“Whether you loved or hated the book, you’ve faced your own mortality–and for that I commend you” (Doughty 256).  This is how author Caitlin Doughty approaches the supplemental material to her memoirs on her time working in a crematory, a lifechanging experience which refined her own already macabre outlook on life.  The book chronicles Doughty’s personal journey, starting with the inability to describe a corpse as a person or an object and ending with a reflection on how poorly society handles death.  Doughty intends to make readers face the fact that they are going to die: their life is going to end.  This is all wrapped in a humorous style, setting the tone from the start by opening the book with “A girl always remembers the first corpse she shaves.  It is the only event in her life more awkward than her first kiss or the loss of her virginity. The hands of time will never move quite so slowly as when you are standing over the dead body of an elderly man with a pink plastic razor in your hand” (1).

            Doughty illuminates to an unsuspecting reader what cremation entails in the United States, and the general sterilization and commercialization of death.  Doughty writes with a sense of going behind the curtain of how death is essentially saying how “our relationship with death was fundamentally flawed…I felt naïve for having ever imagined putting the “fun” back in funerals. Holding “celebration of life” ceremonies with no dead bodies present or even realistic topic of death…seemed akin to putting not just any Band-Aid over a gunshot wound, but a Hello Kitty one” (64).  Society doesn’t talk about death as a natural process which is the destination for everyone in the end.  Parents give children euphemisms when their pets die and as Doughty says, there is an idea that fun must be some part of a funeral.  Several anecdotes included in Smoke Gets in Your Eyes are concerned with how the families of the dead react to death, often with grief, mourning, and denial about what has happened and what eventually will happened.  Doughty sympathizes with those she meets through the work but advocates for a death that is somehow more natural.  Making the dead look as close as they can to being alive is something that Doughty places at the center of her arguments towards accepting death.  On the topic of embalming she argues against the modern practice of embalming, contrasting it with the complex ancient Egyptian funeral rites:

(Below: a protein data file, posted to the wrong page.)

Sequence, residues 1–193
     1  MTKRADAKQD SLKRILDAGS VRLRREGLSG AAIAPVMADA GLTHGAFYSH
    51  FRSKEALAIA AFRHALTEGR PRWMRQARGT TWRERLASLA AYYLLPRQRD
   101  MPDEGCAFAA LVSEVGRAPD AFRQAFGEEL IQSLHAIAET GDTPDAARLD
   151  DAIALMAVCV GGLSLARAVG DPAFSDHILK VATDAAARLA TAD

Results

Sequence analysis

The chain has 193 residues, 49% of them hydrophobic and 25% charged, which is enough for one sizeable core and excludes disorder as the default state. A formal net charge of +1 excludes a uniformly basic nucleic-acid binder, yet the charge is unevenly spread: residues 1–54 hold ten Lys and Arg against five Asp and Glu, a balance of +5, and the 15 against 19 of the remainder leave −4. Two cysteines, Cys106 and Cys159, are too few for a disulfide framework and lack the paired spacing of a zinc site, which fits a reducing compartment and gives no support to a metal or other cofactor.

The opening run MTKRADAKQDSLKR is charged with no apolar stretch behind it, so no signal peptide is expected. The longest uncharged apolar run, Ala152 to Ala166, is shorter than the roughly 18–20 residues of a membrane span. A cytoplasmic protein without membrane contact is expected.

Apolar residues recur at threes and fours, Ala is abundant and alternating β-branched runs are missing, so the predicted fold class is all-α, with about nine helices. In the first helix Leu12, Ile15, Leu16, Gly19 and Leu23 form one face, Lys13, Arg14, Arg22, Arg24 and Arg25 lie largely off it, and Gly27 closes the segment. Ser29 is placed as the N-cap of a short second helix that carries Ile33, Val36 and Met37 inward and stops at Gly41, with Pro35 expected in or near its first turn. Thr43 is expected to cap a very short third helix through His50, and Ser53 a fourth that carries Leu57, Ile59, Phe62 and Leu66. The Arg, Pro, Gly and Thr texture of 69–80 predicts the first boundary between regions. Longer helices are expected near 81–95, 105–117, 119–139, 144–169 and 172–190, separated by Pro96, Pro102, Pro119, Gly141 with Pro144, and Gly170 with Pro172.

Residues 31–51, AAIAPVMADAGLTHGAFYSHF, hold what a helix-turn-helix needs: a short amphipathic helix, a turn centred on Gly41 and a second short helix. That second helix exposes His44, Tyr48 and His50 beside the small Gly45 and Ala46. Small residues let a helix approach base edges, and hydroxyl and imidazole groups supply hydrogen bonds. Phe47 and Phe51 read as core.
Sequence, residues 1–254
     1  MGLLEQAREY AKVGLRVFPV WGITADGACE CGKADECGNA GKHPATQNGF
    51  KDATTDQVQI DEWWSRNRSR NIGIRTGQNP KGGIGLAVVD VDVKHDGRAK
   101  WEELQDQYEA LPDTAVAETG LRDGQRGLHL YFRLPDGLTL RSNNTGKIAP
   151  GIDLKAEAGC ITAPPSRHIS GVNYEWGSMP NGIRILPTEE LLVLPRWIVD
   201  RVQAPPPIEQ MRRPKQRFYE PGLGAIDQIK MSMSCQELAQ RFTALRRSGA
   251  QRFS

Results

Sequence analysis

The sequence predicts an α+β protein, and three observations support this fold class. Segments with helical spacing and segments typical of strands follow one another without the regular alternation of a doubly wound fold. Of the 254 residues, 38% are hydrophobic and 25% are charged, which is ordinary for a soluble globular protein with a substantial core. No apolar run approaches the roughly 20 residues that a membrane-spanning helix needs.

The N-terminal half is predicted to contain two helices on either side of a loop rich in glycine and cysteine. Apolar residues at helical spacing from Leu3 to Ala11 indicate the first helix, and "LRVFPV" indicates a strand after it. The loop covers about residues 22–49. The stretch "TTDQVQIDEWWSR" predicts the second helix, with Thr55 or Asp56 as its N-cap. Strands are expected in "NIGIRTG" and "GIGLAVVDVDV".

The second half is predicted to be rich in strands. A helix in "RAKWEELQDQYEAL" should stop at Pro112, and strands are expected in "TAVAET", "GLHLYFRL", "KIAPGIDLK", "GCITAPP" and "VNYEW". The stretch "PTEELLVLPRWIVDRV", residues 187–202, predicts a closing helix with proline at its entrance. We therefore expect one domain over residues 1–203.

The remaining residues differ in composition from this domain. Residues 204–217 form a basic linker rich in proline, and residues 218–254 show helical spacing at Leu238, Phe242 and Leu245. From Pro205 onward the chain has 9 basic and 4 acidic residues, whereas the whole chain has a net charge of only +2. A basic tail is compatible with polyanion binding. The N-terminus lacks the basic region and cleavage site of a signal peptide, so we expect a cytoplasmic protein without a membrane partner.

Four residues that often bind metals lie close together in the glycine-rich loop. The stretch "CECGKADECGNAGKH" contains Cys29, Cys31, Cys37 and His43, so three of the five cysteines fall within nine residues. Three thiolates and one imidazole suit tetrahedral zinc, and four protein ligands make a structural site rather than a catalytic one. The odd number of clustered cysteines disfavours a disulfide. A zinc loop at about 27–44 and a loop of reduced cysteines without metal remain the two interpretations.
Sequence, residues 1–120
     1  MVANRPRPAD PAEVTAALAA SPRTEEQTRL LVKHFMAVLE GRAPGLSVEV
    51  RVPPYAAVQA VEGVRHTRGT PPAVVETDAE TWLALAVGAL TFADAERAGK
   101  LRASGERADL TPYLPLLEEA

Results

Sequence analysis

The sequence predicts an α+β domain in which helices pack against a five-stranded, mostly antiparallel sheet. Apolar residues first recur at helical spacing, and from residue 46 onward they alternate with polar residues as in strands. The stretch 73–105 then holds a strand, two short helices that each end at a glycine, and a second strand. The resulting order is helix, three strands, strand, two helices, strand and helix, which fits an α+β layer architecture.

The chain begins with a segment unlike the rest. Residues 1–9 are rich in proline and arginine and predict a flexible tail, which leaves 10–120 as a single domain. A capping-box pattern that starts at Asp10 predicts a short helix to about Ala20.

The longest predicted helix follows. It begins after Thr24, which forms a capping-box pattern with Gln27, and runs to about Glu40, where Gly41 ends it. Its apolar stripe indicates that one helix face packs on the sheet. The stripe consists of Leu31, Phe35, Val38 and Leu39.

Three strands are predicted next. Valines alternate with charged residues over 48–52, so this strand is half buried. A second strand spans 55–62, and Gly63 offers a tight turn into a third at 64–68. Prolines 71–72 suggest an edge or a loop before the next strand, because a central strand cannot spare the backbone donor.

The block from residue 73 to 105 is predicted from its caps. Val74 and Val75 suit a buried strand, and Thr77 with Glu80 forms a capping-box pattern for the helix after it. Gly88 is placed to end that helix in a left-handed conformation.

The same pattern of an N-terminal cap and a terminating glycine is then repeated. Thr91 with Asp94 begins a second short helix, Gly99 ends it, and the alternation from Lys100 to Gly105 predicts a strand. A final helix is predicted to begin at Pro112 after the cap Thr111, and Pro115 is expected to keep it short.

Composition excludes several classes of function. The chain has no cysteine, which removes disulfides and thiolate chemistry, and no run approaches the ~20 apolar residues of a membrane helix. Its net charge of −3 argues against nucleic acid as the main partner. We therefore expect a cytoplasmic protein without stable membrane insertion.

“every step of the process—from removing the brain through the nose with a long iron hook to placing the internal organs in animal-head vases called Canopic jars to drying the body out for forty days with natron salt—had profound significance.  There are no brain hooks or organ-storage jars in modern North American embalming, which instead involves the removal of blood and fluids from the body cavity and replacing them with a mixture of strong preservative chemicals.  More important, modern embalming was born not from religion but from stronger forces altogether—marketing and consumerism” (Doughty, 73).

It is that “marketing and consumerism” which Doughty argues is the cause of America’s problems with acknowledging death.  The market increases prices on every option for dying, and attempts to make it a unique experience, offering various features for each coffin, or urns which have elaborate designs.  There is a sense that failing to make one’s death unique would be morally wrong, that those the dead leave behind do not love the individual in question.  It goes back to the question of if the body is an object or a person, corrupting what it means to be a person: that a person should somehow always be remembered, not allowed to be tainted by a natural process of death.  Doughty doesn’t suggest making death a religious experience, instead wanting a reclamation of mortality where people understand death and are living with that understanding (236).  Death must be treated as a simple fact of life, something that is to be faced, not by hiding it, but by acknowledging it.  Instead, America, and it is specifically America that creates this attitude.  Doughty’s follow-up to this memoir is From Here to Eternity: Travelling the World to Find the Good Death, exploring funeral practices outside of the United States of America.

There are discussions online which I have had about practices and even in an English-speaking country like the United Kingdom, death and funerals are treated differently.  The American death is one where every detail must be perfect: the body must be perfectly preserved and only decay long after those that knew the person are gone, the funeral must be elaborate and unique, nobody must actually talk about the death, and often become affairs where everybody is present and makes a show.  British and Scottish services, on the other hand, have a more reserved outlook on death, making it an affair for close family and friends to say goodbye.  There isn’t the sense that it must somehow be perfect, but it allows those involved to truly come to terms with mortality.  Americans, on the other hand, become preoccupied with celebrating the person, not the death, and taking the death out of the end of life.  As Doughty posits “Of course your anxious to get the whole thing over with and leave the funeral home” (113).  Death is something that should be confronted, not cheated by rushing through it.  Those affected should take the time to grieve and be prepared for the inevitable situation of everybody they know dying at any moment, and not fearing it as somehow an evil event.  Death is the culmination of life.